As the Senate wrestles with healthcare reform over the next few weeks, it will leave tens of billions of dollars of potential savings on the table. By simply allowing Medicare recipients who wish to do so to buy their medical care abroad, the Senate could enable older Americans to afford better care, while achieving significant saving for taxpayers. More important, such reform would afford retired Americans an opportunity for a better standard of living.
The opportunity for enormous savings through the outsourcing of Medicare exists because of the gap between the price Americans pay for health care and the price people in other countries pay for comparable health outcomes.
The average annual per-person cost of health care in the United States in 2006 was $6,714, according to a recent study, "Free Trade in Health Care: The Gains from Globalized Medicare and Medicaid" by the Center for Economic and Policy Research. By comparison, the average per-person cost in 26 countries with longer life expectancies than the United States was $2,964.
Economists have long argued that such differences in costs create an opportunity to reap great benefits for both sides through globalization. Making Medicare reimbursable overseas is just such an initiative.
CEPR economists Dean Baker and Hye Jin Rho calculate that if only 10 percent of Medicare beneficiaries opted to live overseas and purchase their health care through foreign medical systems, the U.S. Treasury would save $8.6 billion a year by 2020. By 2030, the projected annual budget savings would increase to $19.5 billion. And by 2045, the annual budget savings could rise to almost $53.9 billion, in current dollars.
Over its first decade, a Medicare voucher system would result in total healthcare spending savings of $45 billion. By comparison, the healthcare legislation recently passed by the House would result in a net reduction in federal budget deficits of $104 billion over the 2010 to 2019 period, according to an assessment by the Joint Committee on Taxation. So if the Senate were to add Medicare outsourcing to the House bill, it would increase potential healthcare savings by 43 percent.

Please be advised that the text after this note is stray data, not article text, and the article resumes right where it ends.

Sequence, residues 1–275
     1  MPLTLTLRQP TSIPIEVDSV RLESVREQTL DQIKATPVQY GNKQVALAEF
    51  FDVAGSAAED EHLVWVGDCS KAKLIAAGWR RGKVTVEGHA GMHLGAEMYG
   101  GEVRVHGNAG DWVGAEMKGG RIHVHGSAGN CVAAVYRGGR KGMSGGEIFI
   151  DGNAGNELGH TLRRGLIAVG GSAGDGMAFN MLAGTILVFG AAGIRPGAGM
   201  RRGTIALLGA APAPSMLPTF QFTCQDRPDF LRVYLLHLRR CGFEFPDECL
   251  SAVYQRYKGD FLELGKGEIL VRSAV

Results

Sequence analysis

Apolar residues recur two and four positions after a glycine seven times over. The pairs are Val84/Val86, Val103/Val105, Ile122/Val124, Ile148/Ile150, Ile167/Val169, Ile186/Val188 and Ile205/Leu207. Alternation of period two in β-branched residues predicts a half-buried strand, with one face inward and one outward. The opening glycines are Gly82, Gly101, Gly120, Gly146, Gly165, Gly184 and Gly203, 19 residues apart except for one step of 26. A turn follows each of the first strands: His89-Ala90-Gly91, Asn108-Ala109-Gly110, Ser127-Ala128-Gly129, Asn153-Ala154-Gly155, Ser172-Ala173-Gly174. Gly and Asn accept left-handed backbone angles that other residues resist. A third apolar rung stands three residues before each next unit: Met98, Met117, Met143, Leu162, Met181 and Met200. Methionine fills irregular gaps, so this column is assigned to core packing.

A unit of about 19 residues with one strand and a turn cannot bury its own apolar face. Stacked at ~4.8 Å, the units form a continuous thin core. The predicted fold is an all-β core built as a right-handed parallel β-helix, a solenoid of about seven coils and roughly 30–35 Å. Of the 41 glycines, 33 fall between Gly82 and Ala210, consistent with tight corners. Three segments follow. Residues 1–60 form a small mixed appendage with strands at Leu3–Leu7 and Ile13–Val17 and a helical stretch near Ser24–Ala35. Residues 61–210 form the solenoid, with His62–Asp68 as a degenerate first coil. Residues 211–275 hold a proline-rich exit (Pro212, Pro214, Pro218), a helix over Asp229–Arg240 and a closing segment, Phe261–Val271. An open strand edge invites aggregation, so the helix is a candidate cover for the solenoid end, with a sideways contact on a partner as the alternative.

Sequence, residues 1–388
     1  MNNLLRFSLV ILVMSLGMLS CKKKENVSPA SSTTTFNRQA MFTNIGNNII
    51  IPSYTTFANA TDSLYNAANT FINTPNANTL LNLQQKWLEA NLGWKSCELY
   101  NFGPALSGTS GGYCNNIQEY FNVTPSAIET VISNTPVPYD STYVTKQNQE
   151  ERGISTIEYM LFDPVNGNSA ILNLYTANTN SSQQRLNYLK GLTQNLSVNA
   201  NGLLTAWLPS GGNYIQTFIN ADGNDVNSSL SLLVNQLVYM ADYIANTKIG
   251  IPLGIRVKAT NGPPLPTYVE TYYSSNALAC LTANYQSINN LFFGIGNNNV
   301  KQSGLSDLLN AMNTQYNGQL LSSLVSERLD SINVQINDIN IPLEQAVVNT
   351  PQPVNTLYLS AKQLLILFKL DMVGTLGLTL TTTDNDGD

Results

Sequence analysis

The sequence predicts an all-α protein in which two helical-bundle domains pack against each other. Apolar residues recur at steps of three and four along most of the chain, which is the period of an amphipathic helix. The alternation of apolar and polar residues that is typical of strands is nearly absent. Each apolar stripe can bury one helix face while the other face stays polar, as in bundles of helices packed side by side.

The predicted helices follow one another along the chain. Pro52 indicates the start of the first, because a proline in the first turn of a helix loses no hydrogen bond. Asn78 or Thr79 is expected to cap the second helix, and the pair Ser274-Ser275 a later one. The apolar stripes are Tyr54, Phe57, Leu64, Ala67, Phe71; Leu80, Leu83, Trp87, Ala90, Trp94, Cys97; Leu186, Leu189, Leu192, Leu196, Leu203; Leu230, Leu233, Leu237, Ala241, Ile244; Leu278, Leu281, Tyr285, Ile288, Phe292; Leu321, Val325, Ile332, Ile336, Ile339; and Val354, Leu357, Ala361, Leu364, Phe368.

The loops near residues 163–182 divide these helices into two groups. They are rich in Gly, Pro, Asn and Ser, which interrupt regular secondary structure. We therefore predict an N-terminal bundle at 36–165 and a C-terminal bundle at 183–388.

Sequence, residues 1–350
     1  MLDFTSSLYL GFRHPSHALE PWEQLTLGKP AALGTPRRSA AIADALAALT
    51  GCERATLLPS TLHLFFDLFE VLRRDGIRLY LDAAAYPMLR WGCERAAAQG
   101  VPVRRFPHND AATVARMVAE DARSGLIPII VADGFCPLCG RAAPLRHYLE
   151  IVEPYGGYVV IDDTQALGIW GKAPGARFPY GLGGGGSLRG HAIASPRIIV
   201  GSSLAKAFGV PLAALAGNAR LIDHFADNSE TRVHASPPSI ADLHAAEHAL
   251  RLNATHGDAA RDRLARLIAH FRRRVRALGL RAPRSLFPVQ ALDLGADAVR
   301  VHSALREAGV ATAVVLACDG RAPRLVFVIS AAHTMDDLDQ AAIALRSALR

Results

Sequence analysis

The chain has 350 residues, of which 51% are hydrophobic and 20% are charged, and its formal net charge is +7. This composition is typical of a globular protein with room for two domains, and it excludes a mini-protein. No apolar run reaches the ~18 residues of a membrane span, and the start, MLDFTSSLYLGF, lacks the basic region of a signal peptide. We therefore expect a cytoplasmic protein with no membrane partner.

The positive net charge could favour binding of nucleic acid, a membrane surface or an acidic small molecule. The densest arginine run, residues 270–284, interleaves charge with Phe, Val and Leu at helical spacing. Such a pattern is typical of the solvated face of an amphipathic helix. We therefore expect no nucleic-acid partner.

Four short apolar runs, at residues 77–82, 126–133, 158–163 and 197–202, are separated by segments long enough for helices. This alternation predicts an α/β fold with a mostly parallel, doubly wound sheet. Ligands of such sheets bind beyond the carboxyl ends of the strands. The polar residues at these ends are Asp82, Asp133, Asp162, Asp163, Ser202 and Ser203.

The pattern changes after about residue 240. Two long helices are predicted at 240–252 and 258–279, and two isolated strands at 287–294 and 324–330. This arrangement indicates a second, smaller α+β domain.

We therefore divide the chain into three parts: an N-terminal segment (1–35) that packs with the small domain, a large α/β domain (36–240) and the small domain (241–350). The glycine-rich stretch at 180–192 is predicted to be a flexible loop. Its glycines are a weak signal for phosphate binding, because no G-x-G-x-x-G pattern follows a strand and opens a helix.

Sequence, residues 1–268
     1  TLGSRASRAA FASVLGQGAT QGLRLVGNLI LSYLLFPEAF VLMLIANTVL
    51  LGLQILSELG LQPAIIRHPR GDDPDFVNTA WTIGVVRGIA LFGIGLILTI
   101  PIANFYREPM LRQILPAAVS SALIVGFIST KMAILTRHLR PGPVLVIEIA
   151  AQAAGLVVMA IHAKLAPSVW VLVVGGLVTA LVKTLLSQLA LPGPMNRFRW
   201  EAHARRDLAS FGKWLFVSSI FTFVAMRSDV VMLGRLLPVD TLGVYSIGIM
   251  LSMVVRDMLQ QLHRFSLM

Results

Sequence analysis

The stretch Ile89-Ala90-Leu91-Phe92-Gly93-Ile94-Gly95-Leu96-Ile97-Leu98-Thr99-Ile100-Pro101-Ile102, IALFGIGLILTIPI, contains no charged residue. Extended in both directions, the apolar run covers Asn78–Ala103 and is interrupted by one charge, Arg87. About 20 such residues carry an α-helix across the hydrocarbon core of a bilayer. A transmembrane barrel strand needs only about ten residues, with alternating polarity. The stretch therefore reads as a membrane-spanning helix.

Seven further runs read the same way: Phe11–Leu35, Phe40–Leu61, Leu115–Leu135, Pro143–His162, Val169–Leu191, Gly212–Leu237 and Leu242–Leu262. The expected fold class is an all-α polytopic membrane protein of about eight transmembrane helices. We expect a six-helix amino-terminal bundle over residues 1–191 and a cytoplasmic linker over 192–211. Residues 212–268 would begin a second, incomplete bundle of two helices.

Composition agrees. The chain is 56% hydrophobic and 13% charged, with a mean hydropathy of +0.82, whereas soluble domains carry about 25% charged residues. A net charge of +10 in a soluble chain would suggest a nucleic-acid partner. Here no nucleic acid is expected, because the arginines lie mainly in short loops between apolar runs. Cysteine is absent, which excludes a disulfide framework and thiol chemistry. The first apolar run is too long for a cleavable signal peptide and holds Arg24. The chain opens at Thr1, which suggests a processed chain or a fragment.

Such a Medicare voucher plan might work something like this: Each Medicare beneficiary would receive a voucher she or he could use to buy into the healthcare system of any country with a longer life expectancy than the United States, to ensure recipients get only the best care. The voucher would allow the beneficiary to move to that country and to be fully covered by its healthcare system.
CEPR proposes that the value of the voucher be based on the average cost of providing care in the countries with longer life expectancies, plus some differential between per-person Medicare expenditures in the United States and that cost.
To provide an inducement for other countries to participate, they would receive a premium above their costs. The U.S. Treasury and Medicare beneficiaries would split all savings.
For example, a retiree who moves to Canada, where healthcare costs are lower, would pocket $2,722 a year from the savings achieved by buying into the Canadian medical care system. By 2020, that person's benefit check would grow to $5,600, supplementing their expected Social Security benefits by 31 percent. With Social Security benefits currently accounting for more than half of the retirement income for two-thirds of retirees, such outsourcing would create an opportunity for the elderly to stretch their income and experience a much higher standard of living.
The savings to the U.S. Treasury and the supplemental income for retirees would be even greater if the person chose to retire to a country with even lower medical care costs. A beneficiary would pocket an additional $4,137 a year by retiring to the United Kingdom, for example, and $7,416 by moving to New Zealand.
A Medicare voucher system would be likely to spark investment in foreign countries by Marriott and other U.S. retirement community entrepreneurs, further broadening retirees' opportunity to obtain high quality health care with English-speaking medical personnel at a fraction of the cost in the United States.
U.S. citizens can already receive their Social Security payments abroad. But the absence of affordable, high-quality health care keeps most seniors from considering overseas retirement as an option. By including a Medicare voucher system in its legislation, or even an experiment involving one country, such as Canada, the Senate could ensure that such limitations are no longer an obstacle.
Outsourcing of Medicare is an admittedly radical proposition certain to be opposed by U.S. physicians, nurses and other protectionist interests in the U.S. healthcare establishment. But it is the just the kind of out-of-the-box thinking that is desperately needed to put America's health care spending on a more sustainable trajectory. And since it would be voluntary, if it's a bad idea, it will fail.
This article appears in the November 21, 2009, edition of NJ Daily.